- "Home Room" redirects here. For the 2002 film, see Home Room (film).
Homeroom or advisory is a term used in schools across United States. It generally refers to the classroom session in which a teacher records attendance and makes announcements. It can also be called Registration or Planning Period
Home room is a concept that does not exist in Argentinian schools, as a single classroom is often used for all assignments (except for lab work or outdoors exercise). Students usually stay in groups of 20 to 40 for at least 2 years without being reshuffled and often maintain the same grouping throughout both primary and secondary education, with only the group's room and assigned member of staff changing.
schools will have a 15-30 minute form period
in the morning, a one-hour period for lunch, and a similar period after lunch, albeit not all schools are required to have classes in both the morning and the afternoon. Schools (particularly private ones) will often use classes in the afternoon for secondary languages (English, French, etc) and sports activities.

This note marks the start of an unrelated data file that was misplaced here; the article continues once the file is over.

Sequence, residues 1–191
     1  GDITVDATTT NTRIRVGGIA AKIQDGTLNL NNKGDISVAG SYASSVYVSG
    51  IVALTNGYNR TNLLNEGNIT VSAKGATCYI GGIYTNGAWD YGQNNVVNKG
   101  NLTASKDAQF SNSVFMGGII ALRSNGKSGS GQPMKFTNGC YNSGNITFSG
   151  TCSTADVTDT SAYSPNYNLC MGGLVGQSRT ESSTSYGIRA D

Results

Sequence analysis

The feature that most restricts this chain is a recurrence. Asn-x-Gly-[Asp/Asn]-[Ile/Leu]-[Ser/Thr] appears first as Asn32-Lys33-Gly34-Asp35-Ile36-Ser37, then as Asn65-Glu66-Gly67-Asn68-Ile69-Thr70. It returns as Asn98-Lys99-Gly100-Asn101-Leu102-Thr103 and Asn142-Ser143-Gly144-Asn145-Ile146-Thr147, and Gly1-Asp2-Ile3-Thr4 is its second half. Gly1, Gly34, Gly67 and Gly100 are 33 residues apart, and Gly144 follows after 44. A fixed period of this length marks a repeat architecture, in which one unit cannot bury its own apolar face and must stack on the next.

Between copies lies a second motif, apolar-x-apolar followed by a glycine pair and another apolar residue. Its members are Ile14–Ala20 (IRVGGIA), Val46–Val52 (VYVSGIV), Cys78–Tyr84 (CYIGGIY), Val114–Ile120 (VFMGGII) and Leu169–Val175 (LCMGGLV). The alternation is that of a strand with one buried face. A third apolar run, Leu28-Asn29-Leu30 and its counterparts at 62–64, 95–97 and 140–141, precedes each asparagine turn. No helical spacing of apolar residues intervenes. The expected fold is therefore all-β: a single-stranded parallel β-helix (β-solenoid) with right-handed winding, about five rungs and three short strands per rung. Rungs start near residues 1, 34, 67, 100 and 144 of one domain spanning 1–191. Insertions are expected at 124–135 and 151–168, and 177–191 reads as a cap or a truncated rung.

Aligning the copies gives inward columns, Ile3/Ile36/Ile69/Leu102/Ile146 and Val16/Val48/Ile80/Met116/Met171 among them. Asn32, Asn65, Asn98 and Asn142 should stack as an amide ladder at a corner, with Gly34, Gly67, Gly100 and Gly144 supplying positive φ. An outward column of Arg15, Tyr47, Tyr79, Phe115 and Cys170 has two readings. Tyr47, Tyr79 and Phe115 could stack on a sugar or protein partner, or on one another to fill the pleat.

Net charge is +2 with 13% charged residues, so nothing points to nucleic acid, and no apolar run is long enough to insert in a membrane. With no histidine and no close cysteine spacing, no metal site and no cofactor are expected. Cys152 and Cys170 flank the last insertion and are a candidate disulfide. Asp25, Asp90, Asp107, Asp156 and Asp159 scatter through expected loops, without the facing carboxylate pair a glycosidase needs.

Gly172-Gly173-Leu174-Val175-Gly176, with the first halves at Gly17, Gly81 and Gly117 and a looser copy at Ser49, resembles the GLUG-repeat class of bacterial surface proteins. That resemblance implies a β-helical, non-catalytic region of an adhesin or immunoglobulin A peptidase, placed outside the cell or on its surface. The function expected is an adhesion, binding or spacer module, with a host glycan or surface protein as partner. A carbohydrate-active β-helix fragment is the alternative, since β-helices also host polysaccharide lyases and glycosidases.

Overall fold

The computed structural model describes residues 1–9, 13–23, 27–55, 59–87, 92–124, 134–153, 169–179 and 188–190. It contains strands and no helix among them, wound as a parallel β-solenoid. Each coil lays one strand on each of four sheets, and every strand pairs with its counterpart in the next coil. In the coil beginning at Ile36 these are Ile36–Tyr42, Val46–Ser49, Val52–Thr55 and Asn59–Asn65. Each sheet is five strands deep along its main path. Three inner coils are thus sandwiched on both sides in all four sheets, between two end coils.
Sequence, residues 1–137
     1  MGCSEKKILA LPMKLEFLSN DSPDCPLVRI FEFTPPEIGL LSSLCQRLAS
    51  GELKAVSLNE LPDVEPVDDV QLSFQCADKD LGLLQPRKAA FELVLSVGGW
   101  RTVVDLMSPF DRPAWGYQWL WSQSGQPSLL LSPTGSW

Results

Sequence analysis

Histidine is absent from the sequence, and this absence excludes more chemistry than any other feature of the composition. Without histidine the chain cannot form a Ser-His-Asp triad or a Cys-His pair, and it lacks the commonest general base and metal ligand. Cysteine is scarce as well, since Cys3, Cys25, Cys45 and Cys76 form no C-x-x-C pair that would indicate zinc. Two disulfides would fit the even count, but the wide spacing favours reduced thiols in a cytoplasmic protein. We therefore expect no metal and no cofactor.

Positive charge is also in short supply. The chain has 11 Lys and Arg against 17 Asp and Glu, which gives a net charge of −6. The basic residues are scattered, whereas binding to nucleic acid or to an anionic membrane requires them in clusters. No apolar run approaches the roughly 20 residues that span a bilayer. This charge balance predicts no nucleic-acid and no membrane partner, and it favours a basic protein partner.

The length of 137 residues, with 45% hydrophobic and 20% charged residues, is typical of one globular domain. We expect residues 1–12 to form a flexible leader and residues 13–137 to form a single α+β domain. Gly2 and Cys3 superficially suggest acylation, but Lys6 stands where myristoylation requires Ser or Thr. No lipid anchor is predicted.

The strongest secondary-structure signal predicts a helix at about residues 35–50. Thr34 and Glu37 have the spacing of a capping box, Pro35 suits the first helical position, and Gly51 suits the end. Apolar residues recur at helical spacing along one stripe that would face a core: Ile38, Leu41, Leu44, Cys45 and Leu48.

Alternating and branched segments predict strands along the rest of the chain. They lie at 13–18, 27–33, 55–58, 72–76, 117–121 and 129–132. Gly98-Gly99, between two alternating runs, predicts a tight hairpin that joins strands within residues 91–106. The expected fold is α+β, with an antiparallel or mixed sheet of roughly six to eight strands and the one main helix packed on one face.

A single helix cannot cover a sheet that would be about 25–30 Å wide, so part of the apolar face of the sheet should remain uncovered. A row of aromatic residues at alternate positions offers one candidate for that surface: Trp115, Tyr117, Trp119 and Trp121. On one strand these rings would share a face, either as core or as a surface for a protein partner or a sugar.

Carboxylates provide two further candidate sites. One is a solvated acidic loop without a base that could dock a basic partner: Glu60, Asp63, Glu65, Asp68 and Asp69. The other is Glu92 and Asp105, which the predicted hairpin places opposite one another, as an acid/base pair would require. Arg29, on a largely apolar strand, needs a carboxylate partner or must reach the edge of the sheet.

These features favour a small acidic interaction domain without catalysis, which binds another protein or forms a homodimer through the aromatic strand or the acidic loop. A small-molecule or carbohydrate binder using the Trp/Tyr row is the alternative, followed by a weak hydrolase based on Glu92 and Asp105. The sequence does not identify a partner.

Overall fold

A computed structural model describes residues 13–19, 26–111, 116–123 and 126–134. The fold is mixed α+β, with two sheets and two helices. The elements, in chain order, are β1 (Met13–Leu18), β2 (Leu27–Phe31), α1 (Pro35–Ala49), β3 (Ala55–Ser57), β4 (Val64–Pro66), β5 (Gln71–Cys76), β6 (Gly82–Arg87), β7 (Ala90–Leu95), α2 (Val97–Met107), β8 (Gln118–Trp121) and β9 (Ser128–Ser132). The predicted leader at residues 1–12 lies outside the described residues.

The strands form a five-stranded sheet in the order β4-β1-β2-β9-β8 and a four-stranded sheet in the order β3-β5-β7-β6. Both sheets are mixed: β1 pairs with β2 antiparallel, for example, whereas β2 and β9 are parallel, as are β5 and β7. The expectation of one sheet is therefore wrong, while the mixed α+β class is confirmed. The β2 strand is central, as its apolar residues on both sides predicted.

Students are usually not given much choice in the subjects they study and they all are subject to most academic subjects. The main choice a student has to make in entering secondary high school is in deciding a high school that leans towards general knowledge ("bachillerato", which encompasses arts and a general overview of science), economics ("comercial", whose orientation is towards math, primarily oriented towards accounting and business) or engineering (whose orientation is towards the sciences). Each school is given a lot of latitude in terms of extracurricular activities (teaching of secondary languages, sports, etc).
Argentinian's education is often in flux, as governments every 5 years or so change the curriculum and number of required classes.
Home room in Australia varies from school to school. Some schools do not have home room at all, and attendance and announcements are made during the first period of the school day in a "student bulletin", while other schools run a home room system which is identical to that run in American
But rather than using the term "home room" Australians generally refer to this as "form-class" or "form-period."
Most schools, as well as having a form-class, also have an "assembly" which is attended by the entire population of the school. This often entails announcements, advertising for various aspects of school life and listening or singing along with the national anthem.
In Bangladesh a homeroom teacher, also referred to as "class teacher", has the duty of taking attendance records of students in a class and making any minor announcements not covered during assembly
Home room in Canadian schools follows the US model as well, but the time it occurs differs depending on the school district (and, in many cases, varies by the individual school).